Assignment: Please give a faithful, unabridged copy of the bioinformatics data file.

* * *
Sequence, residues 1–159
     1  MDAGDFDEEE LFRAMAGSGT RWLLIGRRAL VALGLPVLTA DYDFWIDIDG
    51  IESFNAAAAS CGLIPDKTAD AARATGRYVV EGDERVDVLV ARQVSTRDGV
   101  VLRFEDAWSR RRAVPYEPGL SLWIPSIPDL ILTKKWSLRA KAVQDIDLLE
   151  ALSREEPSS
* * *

Sequence, residues 1–159
     1  MDAGDFDEEE LFRAMAGSGT RWLLIGRRAL VALGLPVLTA DYDFWIDIDG
    51  IESFNAAAAS CGLIPDKTAD AARATGRYVV EGDERVDVLV ARQVSTRDGV
   101  VLRFEDAWSR RRAVPYEPGL SLWIPSIPDL ILTKKWSLRA KAVQDIDLLE
   151  ALSREEPSS